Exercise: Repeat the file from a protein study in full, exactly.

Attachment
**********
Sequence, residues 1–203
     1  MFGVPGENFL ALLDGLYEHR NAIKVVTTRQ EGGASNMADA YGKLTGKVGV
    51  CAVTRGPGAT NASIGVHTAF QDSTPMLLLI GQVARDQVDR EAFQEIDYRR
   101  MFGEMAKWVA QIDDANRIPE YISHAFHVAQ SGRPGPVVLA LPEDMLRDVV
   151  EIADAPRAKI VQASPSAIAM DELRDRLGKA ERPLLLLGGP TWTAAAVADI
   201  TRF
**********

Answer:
Sequence, residues 1–203
     1  MFGVPGENFL ALLDGLYEHR NAIKVVTTRQ EGGASNMADA YGKLTGKVGV
    51  CAVTRGPGAT NASIGVHTAF QDSTPMLLLI GQVARDQVDR EAFQEIDYRR
   101  MFGEMAKWVA QIDDANRIPE YISHAFHVAQ SGRPGPVVLA LPEDMLRDVV
   151  EIADAPRAKI VQASPSAIAM DELRDRLGKA ERPLLLLGGP TWTAAAVADI
   201  TRF